Buddy Holly's unstoppable punk

Dooley writes, "Introduced on national TV by Arthur Murray's wife... 'And now we have some young singers who are creating a great deal of excitement in the Paramount Theater here in New York... Now if you haven't heard of these young men, then you must be the wrong age...' After that apologetic introduction, Buddy Holly, his drummer Jerry Alison and his bass player Joe Mauldin perform the new hit single 'Peggy Sue' and blow away the TV audience and the remainder of all recorded time." Further essential reading: Buddy Holly Is Alive and Well on Ganymede. Further essential listening: Buddy Holly Was the First Ramone.

Space-age refrigeration, 1968


Frigidaire's commitment to modernism waned in the product-development phase, as can be seen from the wood-grain on this "space-age refrigerator."

Imagineer Rolly Crump on the 1964 NY World's Fair: audio memoir


Jeff writes in with wonderful news: the release of Disney Legend Rolly Crump's More Cute Stories, Volume 4: 1964/65 New York World's Fair. This high-quality recording includes sixty minutes of all new stories about Rolly's involvement with the legendary 'Billion-Dollar Fair'. It is available on CD and as a digital download.

Read the rest

Glorious sf movie posters of the heroic age


Obviously, many things are better now than they were in the 50s and 60s, but clearly science fiction movie posters have fallen from glory. Here's Dark Roasted Blend's gallery of amazing and gorgeous sf movie posters and lobby cards from the great, lost heroic age.

Read the rest

HOWTO make turtle-shaped Koopa Troopa Mario burgers


Christy writes, "I made an amazing, horrible, wonderful thing: behold, the Koopa Troopa Bacon Turtle Burger, complete with animated gif. It had to be done, for the good of humanity. Side note: I was appalled to discover that turtle-shaped burgers are irresistible to small children: my 4 year old was so excited about turtle-shaped food that she ate an entire burger in one go."

Read the rest

Lost Warhol originals extracted from decaying Amiga floppies

Golan Levin writes, "My lab (in collaboration with Cory Arcangel, the CMU Computer Club, The Andy Warhol Museum, and the Carnegie Museum of Art) has announced a major dead-media discovery. We have recovered previously unknown, pure-digital artworks by Andy Warhol -- extracted from decaying Amiga floppy disks from 1985."

Warhol created the works with Graphicraft, and the disks needed a lot of love and coaxing to get the files off them (to my mind, the story of the technical heroics is a lot more interesting than the pictures, but I'm not much of a Warhol fan). A documentary film about the file recovery called "Trapped" will premiere on May 10 at the Carnegie Library Lecture Hall in Pittsburgh.

Read the rest

Phone phreakers' anthem

Brad sez, "A few decades ago, phone phreaks spent all of their free time learning about the Bell telephone system and making free phone calls to each other. This song by Bonecage attempts to capture that era, and the footage for the video was contributed by phone phreaks (and ex-phone phreaks) around the world."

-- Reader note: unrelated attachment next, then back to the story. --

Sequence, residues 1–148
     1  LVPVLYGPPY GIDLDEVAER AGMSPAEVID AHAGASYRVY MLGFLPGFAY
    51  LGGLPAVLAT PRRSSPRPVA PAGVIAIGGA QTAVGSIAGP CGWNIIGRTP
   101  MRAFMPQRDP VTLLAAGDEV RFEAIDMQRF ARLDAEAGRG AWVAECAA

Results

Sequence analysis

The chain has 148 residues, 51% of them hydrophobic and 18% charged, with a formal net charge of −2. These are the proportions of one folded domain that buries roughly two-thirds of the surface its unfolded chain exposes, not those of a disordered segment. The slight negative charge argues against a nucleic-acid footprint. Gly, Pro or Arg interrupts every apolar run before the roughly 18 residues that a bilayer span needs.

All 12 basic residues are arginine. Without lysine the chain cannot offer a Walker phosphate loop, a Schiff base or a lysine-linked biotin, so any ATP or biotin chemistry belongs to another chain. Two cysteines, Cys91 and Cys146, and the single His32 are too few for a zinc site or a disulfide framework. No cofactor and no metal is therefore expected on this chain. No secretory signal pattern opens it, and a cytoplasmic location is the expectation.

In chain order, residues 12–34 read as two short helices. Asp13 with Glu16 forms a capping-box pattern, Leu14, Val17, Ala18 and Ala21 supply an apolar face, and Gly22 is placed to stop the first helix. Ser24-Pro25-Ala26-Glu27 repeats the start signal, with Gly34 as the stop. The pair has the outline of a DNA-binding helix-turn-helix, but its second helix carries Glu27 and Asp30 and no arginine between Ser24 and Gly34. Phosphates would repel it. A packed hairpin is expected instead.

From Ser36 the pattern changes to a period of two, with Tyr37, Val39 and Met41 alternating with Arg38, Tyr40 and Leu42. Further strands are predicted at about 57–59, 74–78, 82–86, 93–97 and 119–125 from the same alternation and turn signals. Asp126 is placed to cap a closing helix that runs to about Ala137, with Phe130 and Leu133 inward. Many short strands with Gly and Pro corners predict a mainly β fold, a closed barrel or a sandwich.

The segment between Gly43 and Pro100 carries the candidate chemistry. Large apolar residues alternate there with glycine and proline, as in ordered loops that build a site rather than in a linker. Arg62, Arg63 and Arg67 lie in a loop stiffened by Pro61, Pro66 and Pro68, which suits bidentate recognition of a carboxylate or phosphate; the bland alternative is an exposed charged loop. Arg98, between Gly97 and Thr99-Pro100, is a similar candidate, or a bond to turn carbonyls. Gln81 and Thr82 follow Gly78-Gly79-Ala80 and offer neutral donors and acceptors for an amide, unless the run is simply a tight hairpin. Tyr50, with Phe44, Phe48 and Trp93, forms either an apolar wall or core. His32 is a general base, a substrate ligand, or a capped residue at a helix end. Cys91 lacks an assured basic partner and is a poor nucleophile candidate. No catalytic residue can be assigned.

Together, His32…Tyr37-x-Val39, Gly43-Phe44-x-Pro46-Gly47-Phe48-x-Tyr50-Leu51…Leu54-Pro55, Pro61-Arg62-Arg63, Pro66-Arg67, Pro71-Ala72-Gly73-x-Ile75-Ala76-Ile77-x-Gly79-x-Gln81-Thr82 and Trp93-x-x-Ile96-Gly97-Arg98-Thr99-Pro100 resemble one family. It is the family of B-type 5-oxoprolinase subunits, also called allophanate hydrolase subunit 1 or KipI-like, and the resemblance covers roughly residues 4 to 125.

Spotters' guide to UFOs, 1967


Found in Bruce Sterling's tumblr: UFO typologies, 1967

Renaissance Space Invaders art


Artist Dan Hernandez painted a gorgeous series of frescoes depicting Space Invaders and other vintage game screengrabs as Renaissance and Byzantine art. They're hanging in a show called "Genesis" at the Kim Foster Gallery in NYC.

Read the rest

Wearable computing breakthrough

An image from the future past.

(via via @stevenf)

British science fiction pulp covers: Gernsback continuum from an alternative universe


Here's a smashing gallery of British science fiction and science pulps from the golden age of sf. These are recognizably of a piece with the American pulps of the era, but are also distinctive in every way: line, color-choice, subject, typography, composition and character design. They are a divergent, parallel universe to the American Gernsback continuum, and all the more striking for it.

Read the rest

Pinterest board full of nostalgic D&D art


Brad sez, "Trusty Sword, an Olympia, WA-based RPG developer, has posted hundreds of scanned D&D cover art from dndclassics.com [a site where you can buy all the classic D&D modules and books as ebooks, though some are larded with DRM] to Pinterest. It's awesome."

D&D 1.0 (AD&D) Cover Art on Pinterest (Thanks, Brad!)

Mary Blair gallery show at Walt Disney Family Museum in San Francisco


San Francisco's Walt Disney Family Museum is running an exhibition on the art of Mary Blair, one of the all-time greats of Disney history and modernist illustration and color. I've covered her work here before (for example, there's a gorgeous collection of Blair's Golden Books, and, of course, the amazing Alice in Wonderland edition featuring the rejected concept art she produced for Disney's psychedelic Alice in Wonderland animated film), and I've been lucky enough to see some of it in person while I was working at Disney, but this exhibit, called "MAGIC, COLOR, FLAIR: the world of Mary Blair," looks extraordinary.

Read the rest

Beautiful, illustrated vintage Wisconsin postcard


Phil Are Go has done the world the kind service of posting a hi-rez scan of a gorgeous, vintage souvenir of Wisconsin postcard, lavishly and wonderfully illustrated with everything the state has to offer.

Wisconsin, your post card is here.

Star Wars cup ad, 1977: you like laser swords, right?

Matt sez, "The Danny Devito-like schlub in this ad feigning excitement for 'Stah Woiz' and its 'layzah swoids' in order to pawn off some collectible cups has had me laughing all evening."

Star Wars Cups (1977) - Majik Market Commercial (Thanks, Matt!)